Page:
Teacher Michelle Roby tutors students in the Army's preparatory school.
Teacher Michelle Roby tutors students in the Army's preparatory school. Peter Biello/WHQR
A pilot program at the Army's Fort Jackson near Columbia, S.C., is offering high school dropouts a chance to earn their GEDs for free — in exchange for their service. The Army hopes this program will keep its enlistment numbers steady as the wars overseas continue.
After dropping out of high school, William Kamicka, now 28, wanted to join the military, but his family talked him out of it. So the Columbiaville, Mich., native got a job. He eventually found work at a gift shop where he met his wife. They got married, and now they have four kids. Kamicka says having a family made it hard for him to get his GED.
"I'd eat up any overtime I could get my hands on, just to get that extra dollar, so that interfered with my GED classes," Kamicka says. "I never really got to finish."
Then a few months ago, as Michigan's economy tanked, Kamicka and his wife lost their jobs. He went on unemployment and searched for a new job, but without a diploma, he couldn't even find work at a fast-food restaurant. So he tried to join the military — but officials there, too, were looking for a high school diploma.
"The Navy, Air Force and Marines wouldn't accept me," Kamicka recalls. "The Army had said, 'We'll pay for your GED — you get it and then you can come join.'"
The Army's new preparatory school at Fort Jackson made that possible. Since its creation last August, the school has helped more than 1,000 recruits earn their GEDs.
Just Weeks To A GED
Along with classroom instruction, these recruits also get a taste of the rigors of Army life.
Every morning, before sunrise, these new soldiers exercise on a campus about the size of a city block. The rest of the day, they're in class.
Capt. Brian Gaddis, the commanding officer of the school, says three things will keep you out of the Army: physical limitations, a criminal history or an incomplete high school education.
"We can't change someone's medical background. We can't change someone's criminal past. But we can change their education, and, oh, by the way, we can do it in four weeks or less," Gaddis says.
Gaddis says nearly all students, who range in age from 17 to 41, pass the GED within six weeks. He credits the high success rate to discipline and the removal of distractions. Gaddis says 10 percent of the students tried to get a GED before they joined.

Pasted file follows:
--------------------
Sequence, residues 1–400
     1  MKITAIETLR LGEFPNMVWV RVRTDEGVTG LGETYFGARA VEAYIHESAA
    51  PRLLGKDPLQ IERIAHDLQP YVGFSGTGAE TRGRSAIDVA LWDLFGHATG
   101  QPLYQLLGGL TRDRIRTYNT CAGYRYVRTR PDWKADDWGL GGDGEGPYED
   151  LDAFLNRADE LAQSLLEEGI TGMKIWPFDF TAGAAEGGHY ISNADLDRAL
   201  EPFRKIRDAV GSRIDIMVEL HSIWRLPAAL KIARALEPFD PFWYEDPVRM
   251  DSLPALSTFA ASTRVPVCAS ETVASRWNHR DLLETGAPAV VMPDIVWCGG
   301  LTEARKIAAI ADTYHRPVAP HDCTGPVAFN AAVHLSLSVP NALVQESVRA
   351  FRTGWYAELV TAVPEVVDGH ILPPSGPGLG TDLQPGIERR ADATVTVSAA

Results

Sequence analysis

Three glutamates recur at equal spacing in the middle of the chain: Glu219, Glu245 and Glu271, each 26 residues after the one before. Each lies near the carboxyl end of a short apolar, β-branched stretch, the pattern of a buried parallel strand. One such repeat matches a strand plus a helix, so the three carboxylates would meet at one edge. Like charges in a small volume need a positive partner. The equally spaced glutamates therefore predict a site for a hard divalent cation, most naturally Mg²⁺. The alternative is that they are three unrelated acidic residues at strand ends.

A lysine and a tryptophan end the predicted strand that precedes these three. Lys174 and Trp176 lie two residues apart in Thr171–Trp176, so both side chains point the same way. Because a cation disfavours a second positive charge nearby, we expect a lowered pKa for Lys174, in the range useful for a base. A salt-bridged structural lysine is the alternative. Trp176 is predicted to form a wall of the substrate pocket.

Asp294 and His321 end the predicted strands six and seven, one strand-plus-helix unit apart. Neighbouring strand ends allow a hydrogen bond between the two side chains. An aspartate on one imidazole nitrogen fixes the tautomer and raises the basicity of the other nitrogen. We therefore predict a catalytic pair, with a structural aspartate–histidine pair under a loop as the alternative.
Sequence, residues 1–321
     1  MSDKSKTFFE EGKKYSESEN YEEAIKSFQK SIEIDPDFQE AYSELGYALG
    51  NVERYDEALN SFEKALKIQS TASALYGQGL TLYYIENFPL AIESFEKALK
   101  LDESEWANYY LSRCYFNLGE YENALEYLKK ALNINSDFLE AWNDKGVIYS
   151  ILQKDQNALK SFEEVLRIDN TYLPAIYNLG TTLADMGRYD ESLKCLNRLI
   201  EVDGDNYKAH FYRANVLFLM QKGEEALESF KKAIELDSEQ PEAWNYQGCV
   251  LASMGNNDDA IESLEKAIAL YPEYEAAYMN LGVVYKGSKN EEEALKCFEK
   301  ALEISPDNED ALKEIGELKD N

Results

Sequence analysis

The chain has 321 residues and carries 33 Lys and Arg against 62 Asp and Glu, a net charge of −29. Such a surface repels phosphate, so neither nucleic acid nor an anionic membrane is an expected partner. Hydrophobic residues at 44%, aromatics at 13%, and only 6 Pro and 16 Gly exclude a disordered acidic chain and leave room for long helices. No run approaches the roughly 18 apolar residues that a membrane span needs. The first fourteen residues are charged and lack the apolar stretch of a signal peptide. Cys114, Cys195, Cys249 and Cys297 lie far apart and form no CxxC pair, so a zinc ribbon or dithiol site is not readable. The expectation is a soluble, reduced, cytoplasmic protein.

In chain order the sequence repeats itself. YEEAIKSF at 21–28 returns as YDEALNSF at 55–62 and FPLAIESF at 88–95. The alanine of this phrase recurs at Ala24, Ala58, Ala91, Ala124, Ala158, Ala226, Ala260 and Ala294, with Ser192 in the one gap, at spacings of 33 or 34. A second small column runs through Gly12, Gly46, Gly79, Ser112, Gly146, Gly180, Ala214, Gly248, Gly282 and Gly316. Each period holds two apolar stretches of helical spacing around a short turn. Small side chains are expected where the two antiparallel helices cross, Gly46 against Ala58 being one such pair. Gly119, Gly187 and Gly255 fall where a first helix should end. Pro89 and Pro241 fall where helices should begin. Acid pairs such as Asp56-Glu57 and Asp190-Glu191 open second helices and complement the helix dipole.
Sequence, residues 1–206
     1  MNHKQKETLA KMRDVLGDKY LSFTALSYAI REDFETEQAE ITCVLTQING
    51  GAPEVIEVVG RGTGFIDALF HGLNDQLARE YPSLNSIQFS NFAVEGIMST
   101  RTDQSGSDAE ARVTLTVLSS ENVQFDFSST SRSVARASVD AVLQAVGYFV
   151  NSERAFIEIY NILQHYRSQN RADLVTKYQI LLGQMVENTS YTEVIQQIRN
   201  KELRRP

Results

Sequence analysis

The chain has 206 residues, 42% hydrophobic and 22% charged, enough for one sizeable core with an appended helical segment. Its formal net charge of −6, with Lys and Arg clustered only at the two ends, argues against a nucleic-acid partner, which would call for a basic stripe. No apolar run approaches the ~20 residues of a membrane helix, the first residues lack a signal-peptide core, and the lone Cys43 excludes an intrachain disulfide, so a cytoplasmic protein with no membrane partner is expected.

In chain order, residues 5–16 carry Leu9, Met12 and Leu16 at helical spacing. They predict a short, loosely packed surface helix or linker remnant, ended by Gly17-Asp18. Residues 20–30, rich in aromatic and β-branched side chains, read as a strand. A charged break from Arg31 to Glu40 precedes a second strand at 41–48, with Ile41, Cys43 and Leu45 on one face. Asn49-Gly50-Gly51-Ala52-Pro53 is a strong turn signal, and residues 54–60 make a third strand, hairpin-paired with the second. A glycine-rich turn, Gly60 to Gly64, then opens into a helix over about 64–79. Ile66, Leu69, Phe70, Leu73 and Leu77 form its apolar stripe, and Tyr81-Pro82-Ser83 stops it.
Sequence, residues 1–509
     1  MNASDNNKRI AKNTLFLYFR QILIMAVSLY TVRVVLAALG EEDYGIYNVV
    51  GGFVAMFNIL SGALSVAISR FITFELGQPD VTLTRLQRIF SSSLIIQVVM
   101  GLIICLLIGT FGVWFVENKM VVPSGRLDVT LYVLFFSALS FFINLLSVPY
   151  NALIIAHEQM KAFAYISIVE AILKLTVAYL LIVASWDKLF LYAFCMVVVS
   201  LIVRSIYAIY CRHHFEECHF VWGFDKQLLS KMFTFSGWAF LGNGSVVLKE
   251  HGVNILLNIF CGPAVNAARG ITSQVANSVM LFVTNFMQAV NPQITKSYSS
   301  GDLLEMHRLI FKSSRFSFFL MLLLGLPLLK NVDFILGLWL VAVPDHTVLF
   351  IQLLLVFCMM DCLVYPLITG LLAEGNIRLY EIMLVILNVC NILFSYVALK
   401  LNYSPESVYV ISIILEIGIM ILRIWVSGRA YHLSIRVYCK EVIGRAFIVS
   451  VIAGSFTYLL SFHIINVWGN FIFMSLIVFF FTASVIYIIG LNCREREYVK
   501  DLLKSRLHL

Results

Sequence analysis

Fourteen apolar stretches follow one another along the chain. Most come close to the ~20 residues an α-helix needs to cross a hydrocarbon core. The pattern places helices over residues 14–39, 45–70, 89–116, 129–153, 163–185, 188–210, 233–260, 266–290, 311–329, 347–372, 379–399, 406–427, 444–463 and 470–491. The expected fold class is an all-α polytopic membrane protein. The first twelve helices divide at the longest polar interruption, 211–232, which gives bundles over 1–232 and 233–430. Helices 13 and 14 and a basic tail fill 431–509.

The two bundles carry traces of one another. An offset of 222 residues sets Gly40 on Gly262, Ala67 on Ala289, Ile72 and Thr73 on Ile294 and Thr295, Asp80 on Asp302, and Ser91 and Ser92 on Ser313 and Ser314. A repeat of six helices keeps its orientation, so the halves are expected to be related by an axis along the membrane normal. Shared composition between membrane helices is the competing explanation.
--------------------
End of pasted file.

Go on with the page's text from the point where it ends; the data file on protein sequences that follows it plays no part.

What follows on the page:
"Many of them weren't able to complete it because they weren't able to devote time to it — due to needing to pay bills or family issues," he says. "So what we do here, we take all the distracters away."
A Lure For Low-Income Youth?
Not everybody thinks going to the Army for a free GED is the way to go. Arlene Inouye, who runs the Los Angeles-based Coalition Against Militarism in Our Schools, says the Army is luring vulnerable, often low-income people into dangerous combat situations with the promise of a free education.
"They look like the savior and white knight coming to rescue them," Inouye says, "but in reality, they're using these young people to get their bodies."
But Gaddis says not all of the students are from low-income families, and not every soldier will see combat. He says every soldier does receive great health benefits, steady pay and tuition assistance that many couldn't find in the civilian world.
"The Army does need what it needs from you," he says, "but it gives you so much back in return that it's almost criminal to call it exploitive."
At one of the weekly graduation ceremonies, 57 graduates shake hands with Gaddis and other school commanders. Pvt. Kamicka passed the GED exam after less than two weeks of classes. Now he'll be sent to basic training, making room for the next new student soldier.
Peter Biello reports for member station WHQR in Wilmington, N.C.